Sample Essay On Ancient Rome
While there were many characteristics that led to Ancient Rome’s successful conquest of the Mediterranean, perhaps the greatest is the simple fact that they tried to in the first place. Through trying, each of their conquests in the Mediterranean region put Rome in contact with new, often valuable, neighbors. New resources and opportunities were at Rome’s disposal with each conquest as the armies traveled across Rome, making each battle easier than the last. New battles and wars would arise, of which Rome would be involved. Consequently, more new neighbors would be acquired, and with them, even more new opportunities and neighbors. The conquest, best known as the Punic Wars, began with the battle of Carthage. The cycle continued to repeat itself until the entire Mediterranean region was conquered by the Ancient Romans. The Roman Republic was able to manage the entire army from the center of the empire, coordinating each move the army made with little confusion.
There are also several reasons why Rome was able to build a longer-lasting empire than those living in the Greek city-states. To begin with, geography was prohibitive in the Grecian region. Greece’s geography did not make travel easy on armies or the population, making battles difficult, as well as quick responses to wars difficult. It also caused a problem with unifying the country. Sending messengers to the various city-states took longer in Greece, whereas messengers throughout the Roman Empire could be sent in a fraction of the time. Also concerning geography, the Greek empire was made up of several islands, making unification and the relaying of messages that much more difficult in comparison to the Roman Empire. The Romans also had access to more ports due to their excessive conquests. This allowed them access to more resources, causing their nation to flourish. Greece had access to ports, though not as many as Rome. They had resources, but their stocks were limited.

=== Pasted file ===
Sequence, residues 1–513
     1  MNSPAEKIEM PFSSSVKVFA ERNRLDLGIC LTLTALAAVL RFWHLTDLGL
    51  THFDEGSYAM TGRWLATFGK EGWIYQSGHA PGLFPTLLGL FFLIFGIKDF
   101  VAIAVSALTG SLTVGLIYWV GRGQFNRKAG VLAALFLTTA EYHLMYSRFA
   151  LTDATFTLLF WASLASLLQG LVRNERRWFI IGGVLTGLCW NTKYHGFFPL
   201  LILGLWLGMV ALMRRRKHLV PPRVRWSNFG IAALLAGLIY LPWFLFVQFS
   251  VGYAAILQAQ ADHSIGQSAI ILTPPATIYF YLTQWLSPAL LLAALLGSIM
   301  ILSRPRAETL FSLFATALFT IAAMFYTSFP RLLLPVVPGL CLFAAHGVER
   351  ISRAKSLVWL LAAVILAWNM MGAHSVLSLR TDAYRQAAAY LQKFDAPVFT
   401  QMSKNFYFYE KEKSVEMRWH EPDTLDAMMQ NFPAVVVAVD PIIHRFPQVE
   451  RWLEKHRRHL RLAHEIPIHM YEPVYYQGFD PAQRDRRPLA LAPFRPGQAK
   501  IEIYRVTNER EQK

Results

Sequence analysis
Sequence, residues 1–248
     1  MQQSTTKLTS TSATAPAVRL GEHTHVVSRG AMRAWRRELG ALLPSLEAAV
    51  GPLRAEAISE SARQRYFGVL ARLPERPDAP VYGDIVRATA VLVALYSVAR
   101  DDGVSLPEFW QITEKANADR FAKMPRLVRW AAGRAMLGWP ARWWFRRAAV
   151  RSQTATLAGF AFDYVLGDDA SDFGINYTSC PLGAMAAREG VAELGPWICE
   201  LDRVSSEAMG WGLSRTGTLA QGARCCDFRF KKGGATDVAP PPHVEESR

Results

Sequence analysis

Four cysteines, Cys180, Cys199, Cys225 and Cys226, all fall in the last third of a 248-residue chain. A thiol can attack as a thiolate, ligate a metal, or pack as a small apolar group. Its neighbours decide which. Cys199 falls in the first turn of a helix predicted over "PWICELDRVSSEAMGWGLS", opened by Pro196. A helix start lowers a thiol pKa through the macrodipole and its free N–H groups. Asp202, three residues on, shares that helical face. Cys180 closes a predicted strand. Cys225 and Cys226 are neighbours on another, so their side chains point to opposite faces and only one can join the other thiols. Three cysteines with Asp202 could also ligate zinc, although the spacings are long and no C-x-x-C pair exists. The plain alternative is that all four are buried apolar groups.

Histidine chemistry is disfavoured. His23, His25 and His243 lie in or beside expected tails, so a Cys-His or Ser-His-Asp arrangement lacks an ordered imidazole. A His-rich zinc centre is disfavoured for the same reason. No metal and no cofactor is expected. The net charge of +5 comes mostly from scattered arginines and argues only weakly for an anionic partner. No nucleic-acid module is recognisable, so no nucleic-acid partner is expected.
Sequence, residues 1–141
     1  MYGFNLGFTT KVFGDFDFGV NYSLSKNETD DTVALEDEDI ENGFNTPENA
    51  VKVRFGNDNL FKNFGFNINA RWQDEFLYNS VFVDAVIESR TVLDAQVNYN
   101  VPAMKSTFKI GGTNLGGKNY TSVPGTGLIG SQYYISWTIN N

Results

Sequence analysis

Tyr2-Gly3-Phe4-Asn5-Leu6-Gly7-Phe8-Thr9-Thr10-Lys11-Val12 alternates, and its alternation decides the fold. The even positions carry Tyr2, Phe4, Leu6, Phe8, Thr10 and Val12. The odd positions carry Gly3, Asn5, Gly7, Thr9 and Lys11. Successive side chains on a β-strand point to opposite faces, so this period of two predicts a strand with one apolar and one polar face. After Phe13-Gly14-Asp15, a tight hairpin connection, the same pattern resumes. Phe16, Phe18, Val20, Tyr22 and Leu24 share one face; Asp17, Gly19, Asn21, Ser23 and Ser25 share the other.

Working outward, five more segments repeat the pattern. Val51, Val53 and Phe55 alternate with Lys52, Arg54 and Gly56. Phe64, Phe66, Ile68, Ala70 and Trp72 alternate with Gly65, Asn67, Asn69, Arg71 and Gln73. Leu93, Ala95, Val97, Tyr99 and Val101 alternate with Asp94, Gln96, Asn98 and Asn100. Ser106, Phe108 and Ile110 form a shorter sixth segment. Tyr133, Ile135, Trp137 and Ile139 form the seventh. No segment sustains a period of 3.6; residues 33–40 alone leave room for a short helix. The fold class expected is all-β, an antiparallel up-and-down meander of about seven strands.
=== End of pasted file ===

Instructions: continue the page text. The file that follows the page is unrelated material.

The Roman’s skeletal formation of government also allowed them to be more successful than the Greeks. The Grecian city-states operated as a divided nation and, therefore, had many different types of government, ranging from oligarchies to patriarchies. Of course, one of Greek’s greatest known rulers was Alexander the Great, King of Macedon during 365 BC Another well known Grecian leader was Leonidas, leader of Sparta. Greece’s scattered government made communication and unification difficult. It made conquering other nations, as well as longevity of the Grecian people impossible. The Romans, however, managed to form one of the world’s first unified government systems, now known as a Roman Republic. Run by men (women were not allowed), called consuls, they government controlled the entire empire’s army, economy, and laws. It made unification and the conquering of other nations very simple. It also made the empire very successful. Well known Roman leaders include Julius Caesar, Spartacus, and Augustus, who is considered the founder of the Roman empire. A final, and fatal, thing that contributed to the Roman’s success and the Greek’s downfall is their timeline. The Greek’s began building their empire in around 336 BC, and it lasted until 127 BC. The Romans, however, founded their empire around 27 BC. While technology was still far behind what we have now, it was still far ahead what the Greeks had at their disposal at the time of their city-state’s emergence. For example, The Romans had the philosophy of Plato and Archimedes, as well as the medical knowledge of Hippocrates. The advanced technology and scientific concepts of the time, as well as the theology and philosophy that had evolved through the centuries was able to benefit the Romans in a profound way that allowed their empire to flourish beyond what the Greeks had ever dreamed. Some of the concepts used by the Romans were even discovered by the Greeks and then expanded upon by the Romans in an effort to improve society.